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What is a Wobbler?

Many California offenses qualify for punishment as either felonies or misdemeanors. A crime which can be filed as either a felony or a misdemeanor is called, in lawyer slang terms, a "wobbler".

California Penal Code section 17 permits conversion of a felony offense to a misdemeanor under several types of circumstances. A district attorney may file a criminal complaint alleging a "wobbler" as a misdemeanor. If you have been charged with a "wobbler" offense that has been filed as a felony, a district attorney has reviewed an offense report and has decided that the case is serious enough to be prosecuted as a felony. Similarly, if you are being prosecuted for a "wobbler" offense as a misdemeanor, a district attorney has decided that the case is not serious enough for felony prosecution.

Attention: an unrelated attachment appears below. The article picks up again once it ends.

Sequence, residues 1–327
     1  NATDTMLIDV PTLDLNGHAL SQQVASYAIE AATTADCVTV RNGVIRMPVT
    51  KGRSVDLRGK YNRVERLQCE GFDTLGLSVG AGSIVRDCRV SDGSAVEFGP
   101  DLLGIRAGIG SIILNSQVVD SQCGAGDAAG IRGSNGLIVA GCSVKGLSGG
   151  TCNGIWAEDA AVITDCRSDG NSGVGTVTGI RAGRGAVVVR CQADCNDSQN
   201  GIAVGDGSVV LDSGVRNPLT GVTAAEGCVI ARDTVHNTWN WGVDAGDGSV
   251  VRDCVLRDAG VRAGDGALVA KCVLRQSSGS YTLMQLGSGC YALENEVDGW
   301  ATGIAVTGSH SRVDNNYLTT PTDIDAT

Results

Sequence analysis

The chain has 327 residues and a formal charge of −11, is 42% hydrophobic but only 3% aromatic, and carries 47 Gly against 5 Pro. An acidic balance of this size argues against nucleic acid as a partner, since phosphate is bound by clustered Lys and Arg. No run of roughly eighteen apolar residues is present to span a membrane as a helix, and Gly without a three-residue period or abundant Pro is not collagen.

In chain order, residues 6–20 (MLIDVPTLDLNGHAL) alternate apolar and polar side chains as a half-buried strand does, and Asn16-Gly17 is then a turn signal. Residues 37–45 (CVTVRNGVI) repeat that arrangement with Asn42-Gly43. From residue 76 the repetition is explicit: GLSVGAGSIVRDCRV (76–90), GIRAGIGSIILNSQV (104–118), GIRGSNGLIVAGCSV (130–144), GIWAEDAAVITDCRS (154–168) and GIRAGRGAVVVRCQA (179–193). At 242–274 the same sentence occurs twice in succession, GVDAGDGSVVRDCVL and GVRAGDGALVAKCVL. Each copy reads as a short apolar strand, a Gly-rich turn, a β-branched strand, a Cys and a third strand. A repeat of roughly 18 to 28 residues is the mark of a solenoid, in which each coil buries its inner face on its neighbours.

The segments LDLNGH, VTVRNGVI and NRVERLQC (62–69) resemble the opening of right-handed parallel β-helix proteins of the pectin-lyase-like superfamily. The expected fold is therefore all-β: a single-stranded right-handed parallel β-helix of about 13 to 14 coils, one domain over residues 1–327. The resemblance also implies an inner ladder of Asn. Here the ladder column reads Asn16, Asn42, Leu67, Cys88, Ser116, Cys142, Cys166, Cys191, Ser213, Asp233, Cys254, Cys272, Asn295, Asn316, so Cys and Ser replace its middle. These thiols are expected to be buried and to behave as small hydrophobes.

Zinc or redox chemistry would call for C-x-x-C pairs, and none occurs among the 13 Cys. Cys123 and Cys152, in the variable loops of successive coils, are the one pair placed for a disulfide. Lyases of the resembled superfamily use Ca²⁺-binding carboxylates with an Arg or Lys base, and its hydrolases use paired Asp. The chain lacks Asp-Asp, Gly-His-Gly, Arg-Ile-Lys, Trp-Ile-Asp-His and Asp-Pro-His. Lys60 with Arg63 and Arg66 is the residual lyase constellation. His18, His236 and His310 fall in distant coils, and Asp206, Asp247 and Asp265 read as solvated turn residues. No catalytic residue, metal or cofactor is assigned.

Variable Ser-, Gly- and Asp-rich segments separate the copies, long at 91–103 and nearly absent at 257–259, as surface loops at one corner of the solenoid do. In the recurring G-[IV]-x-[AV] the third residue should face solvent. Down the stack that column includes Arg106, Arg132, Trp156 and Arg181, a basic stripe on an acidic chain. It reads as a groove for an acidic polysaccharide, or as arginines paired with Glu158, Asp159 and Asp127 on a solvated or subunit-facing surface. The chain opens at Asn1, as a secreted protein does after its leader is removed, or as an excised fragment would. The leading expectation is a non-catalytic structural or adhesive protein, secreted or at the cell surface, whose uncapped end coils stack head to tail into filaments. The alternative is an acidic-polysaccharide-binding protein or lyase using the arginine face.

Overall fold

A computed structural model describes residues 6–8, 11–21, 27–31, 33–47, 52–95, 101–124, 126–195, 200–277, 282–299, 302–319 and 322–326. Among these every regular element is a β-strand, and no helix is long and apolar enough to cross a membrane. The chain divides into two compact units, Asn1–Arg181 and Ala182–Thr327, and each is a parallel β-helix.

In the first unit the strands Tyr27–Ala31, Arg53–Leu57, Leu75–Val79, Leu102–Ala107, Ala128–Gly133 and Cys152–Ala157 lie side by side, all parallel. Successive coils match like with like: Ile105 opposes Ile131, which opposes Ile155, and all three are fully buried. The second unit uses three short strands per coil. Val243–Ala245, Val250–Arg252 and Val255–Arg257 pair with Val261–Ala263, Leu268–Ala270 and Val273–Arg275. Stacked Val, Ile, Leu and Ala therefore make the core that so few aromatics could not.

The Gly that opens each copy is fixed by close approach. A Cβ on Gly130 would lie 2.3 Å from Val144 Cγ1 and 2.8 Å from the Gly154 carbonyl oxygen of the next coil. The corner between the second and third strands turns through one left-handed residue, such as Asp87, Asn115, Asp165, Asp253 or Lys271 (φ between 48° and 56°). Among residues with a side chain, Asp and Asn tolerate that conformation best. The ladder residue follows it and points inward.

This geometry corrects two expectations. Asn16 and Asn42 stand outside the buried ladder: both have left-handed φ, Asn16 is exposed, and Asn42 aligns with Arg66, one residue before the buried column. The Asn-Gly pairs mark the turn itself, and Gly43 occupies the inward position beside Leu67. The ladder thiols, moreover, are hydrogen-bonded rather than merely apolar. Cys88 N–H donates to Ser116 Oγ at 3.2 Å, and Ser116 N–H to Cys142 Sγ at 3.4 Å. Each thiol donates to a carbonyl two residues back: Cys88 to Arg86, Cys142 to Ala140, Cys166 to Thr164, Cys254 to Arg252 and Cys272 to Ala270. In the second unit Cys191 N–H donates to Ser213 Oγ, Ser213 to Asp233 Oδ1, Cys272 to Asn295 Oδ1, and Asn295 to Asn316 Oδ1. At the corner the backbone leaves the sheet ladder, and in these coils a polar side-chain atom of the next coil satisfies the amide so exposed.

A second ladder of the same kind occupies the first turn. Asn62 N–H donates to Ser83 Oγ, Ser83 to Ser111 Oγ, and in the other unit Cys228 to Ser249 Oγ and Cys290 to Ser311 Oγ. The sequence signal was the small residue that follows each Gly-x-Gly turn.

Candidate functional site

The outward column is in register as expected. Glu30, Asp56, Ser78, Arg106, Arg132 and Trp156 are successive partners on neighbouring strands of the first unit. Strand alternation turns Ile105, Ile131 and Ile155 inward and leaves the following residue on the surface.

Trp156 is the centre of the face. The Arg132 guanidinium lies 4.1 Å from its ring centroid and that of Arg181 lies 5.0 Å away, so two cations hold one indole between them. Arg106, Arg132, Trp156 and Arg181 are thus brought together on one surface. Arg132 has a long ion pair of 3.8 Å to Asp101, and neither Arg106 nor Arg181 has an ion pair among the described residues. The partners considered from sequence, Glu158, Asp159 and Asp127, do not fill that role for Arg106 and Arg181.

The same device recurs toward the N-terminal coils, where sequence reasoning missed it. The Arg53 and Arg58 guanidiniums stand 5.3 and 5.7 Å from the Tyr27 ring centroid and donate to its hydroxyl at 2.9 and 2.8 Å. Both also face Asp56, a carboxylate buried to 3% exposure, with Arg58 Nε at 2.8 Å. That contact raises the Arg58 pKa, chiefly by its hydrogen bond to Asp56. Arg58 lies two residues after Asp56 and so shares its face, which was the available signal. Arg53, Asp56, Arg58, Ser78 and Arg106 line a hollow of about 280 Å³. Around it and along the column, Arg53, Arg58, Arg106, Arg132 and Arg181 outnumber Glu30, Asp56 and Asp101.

After a preliminary hearing or at the time of sentencing after trial or a plea, a court may, at the request of the defendant's lawyer, make a "wobbler" offense a misdemeanor. In either case, the court will be second-guessing the district attorney's discretion and determining that the case should be a misdemeanor.

If you are uncertain about whether a particular charge is a "wobbler", contact Campbell Whitten for a consultation.

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